Rachel Ries in Lewes and Brighton
Rachel Ries is celebrating her birthday this month and will be doing so, whilst on a UK tour to promote her new four song EP Cardinal. This quartet of songs was written during a writing retreat, last summer in Rouen, France. It is a medieval city, with a rich social and cultural history; it was here that Joan Arc was executed in 1431.
The songs inspired by her surroundings and the gift of an ancient key, are poetic, thought provoking with successive listening revealing layer upon layer. For Ries, ‘each of the songs is a key; a direction, a red-blooded essential for living – be it bravery, belief in one’s path or the bonds of family and blood’.
And so it was that I found myself listening to her twice in one day. At Union Music, Lewes, Ries played an acoustic set, accompanied by Sarah Smout on cello. At just half an hour in length, this afternoon in-store performance certainly whetted my appetite for more…her clear voice, imbued with, at various turns, strength and fragility, incorporates folk-country and jazz influences. To hear her bring her songs to life, with vivid storytelling interjections, was just wonderful. Chatting to her afterwards she too was looking forward to the Brighton show and in addition to playing her normal electric guitar, she hoped that a piano would also be available.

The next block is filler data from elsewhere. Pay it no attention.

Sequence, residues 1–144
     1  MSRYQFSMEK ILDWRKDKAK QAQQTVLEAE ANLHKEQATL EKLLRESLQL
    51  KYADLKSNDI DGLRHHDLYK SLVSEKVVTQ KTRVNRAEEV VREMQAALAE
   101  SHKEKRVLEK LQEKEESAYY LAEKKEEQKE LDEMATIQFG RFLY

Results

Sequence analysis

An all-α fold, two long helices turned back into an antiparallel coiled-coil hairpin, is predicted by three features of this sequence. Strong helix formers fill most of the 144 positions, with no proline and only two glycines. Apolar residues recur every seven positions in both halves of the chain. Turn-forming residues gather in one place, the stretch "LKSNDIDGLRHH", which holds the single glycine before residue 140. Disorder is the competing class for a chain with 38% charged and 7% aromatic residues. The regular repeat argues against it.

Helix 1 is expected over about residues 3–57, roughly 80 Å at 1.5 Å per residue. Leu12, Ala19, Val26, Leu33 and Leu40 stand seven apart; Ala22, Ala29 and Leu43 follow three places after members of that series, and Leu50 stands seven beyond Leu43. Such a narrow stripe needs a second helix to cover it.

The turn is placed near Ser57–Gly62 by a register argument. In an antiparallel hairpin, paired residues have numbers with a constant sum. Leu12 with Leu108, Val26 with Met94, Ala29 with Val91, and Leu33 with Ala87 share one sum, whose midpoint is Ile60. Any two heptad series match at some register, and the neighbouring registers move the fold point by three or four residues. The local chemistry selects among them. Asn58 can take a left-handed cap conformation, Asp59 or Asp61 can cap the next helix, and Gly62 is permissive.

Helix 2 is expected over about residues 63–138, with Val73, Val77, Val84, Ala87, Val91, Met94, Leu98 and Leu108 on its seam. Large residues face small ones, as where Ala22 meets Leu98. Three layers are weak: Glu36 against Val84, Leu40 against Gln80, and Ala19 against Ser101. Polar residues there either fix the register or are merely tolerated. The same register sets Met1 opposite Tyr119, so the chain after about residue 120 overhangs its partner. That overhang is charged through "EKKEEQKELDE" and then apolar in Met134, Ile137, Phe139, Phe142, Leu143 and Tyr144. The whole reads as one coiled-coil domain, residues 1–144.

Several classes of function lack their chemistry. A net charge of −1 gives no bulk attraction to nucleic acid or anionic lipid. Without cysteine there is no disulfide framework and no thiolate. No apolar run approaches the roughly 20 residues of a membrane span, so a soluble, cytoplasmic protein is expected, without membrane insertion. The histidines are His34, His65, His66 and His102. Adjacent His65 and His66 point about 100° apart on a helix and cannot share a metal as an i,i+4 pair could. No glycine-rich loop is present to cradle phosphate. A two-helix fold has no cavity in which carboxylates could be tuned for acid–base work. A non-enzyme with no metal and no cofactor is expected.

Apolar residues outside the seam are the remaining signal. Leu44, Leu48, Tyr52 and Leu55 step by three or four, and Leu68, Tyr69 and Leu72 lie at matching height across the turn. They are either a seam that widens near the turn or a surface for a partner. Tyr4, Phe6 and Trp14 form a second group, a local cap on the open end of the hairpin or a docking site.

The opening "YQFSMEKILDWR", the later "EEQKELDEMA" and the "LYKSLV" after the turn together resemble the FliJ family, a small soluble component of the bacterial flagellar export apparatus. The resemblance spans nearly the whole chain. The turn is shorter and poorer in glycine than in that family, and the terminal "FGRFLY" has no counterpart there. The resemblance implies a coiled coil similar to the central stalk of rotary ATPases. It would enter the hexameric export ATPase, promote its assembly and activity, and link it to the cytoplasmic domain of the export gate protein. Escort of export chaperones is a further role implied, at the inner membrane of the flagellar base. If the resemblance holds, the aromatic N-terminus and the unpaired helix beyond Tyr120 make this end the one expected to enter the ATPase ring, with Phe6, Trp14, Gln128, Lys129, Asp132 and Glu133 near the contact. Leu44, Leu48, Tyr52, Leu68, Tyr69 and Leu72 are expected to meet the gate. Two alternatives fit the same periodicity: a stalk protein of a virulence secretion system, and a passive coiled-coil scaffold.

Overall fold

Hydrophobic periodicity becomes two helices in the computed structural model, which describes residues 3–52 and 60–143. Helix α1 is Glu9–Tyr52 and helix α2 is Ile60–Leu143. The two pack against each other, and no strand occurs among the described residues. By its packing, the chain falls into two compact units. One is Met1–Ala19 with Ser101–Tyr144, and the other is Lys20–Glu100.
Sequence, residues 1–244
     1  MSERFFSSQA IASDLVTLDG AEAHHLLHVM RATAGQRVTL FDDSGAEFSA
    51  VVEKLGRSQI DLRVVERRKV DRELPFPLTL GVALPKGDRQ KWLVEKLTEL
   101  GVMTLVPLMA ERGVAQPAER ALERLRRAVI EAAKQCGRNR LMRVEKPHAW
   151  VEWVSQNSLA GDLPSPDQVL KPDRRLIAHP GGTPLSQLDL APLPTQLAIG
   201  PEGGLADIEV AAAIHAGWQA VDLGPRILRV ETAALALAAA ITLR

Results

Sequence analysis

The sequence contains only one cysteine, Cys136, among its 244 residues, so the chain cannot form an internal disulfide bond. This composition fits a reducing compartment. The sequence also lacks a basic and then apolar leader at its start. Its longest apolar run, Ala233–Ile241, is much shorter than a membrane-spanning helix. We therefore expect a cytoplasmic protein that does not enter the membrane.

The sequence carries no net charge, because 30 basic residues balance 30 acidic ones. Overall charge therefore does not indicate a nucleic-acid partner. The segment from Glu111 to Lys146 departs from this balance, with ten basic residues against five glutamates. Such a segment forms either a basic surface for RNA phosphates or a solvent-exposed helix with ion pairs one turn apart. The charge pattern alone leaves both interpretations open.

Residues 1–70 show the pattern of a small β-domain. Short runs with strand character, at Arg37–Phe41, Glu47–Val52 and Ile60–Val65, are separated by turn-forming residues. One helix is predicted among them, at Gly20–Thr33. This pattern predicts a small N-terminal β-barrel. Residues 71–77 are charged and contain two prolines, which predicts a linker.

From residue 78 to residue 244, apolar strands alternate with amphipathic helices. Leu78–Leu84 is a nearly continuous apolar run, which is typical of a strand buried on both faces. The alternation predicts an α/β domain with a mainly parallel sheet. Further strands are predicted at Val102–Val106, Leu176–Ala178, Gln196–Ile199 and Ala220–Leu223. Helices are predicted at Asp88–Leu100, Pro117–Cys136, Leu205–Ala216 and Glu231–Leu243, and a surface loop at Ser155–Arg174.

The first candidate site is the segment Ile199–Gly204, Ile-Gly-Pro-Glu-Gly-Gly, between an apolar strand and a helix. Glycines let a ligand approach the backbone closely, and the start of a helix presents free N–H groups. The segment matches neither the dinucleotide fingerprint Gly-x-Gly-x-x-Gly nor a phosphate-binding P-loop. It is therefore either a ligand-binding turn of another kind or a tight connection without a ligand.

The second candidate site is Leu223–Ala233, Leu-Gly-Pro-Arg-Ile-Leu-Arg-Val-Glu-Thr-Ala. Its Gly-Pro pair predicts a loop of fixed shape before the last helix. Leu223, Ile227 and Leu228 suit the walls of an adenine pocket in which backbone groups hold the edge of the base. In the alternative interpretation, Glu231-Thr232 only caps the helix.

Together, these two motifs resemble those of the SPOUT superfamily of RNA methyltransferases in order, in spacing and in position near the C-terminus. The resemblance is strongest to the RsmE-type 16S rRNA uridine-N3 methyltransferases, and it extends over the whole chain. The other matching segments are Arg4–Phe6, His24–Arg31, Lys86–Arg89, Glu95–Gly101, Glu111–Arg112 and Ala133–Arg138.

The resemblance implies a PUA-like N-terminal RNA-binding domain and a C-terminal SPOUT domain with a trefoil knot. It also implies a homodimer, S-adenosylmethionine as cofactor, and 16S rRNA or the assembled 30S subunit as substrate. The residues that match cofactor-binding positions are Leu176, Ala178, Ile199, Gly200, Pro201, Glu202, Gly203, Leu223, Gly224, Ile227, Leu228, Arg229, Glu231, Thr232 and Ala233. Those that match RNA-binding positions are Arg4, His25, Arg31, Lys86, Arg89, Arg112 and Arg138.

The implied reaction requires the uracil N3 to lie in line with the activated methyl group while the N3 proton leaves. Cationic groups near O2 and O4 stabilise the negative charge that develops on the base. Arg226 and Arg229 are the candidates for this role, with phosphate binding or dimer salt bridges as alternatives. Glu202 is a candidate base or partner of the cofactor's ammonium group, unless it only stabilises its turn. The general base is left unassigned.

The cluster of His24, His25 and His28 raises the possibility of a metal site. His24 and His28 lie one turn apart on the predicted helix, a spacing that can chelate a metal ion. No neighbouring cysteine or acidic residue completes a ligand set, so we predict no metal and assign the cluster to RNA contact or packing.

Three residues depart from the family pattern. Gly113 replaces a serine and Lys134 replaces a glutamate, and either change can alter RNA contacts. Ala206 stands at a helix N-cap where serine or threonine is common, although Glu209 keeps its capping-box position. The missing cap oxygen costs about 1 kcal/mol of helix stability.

To Brighton in the evening for a full show, one hosted by local musician Fiddes Smith, in an room which to my pleasant surprise was akin to a house concert setting. The series ‘Fiddes Smith: Acoustic, Actually’ has been very successful and tonight’s was a sell out. In the basement of The Basement, it had too narrow a staircase to enable a piano to be brought down and so Ries, again accompanied by cellist Smout, performed acoustically. No microphones, no electrics, just guitar, cello and vocals. My kind of setting…
Opening with ‘Willow’ a song about her grandmother (from 2014’s Ghost of a Gardener) she made mention of the importance of family and the influence of such on her writing. Ries is a spiritual soul who was brought up in the Mennonite tradition; Mennonites eschew forwardness, egotism and over confidence and this is reflected in her demeanour on stage and towards her audience.
Showcasing three of the four Cardinal songs (the fourth ‘Good Enough’ needed a piano), the audience received them very warmly indeed. A new song ‘Pleasant Valley Reservoir’ performed solo was personal and poignant. Joined by Smith for ‘Ghost’ and by a double bass player for a cover of James Taylor’s ‘Bartender Blues’ it was clear that everyone was having a grand time tonight. An encore ‘You Only’ closed out the evening.
Ries is finding her own path, heeding the compass of her heart and if these two shows are anything to go by, then I’m glad that she has continued to explore her music, her poetry, her writing and bring it to a wider audience.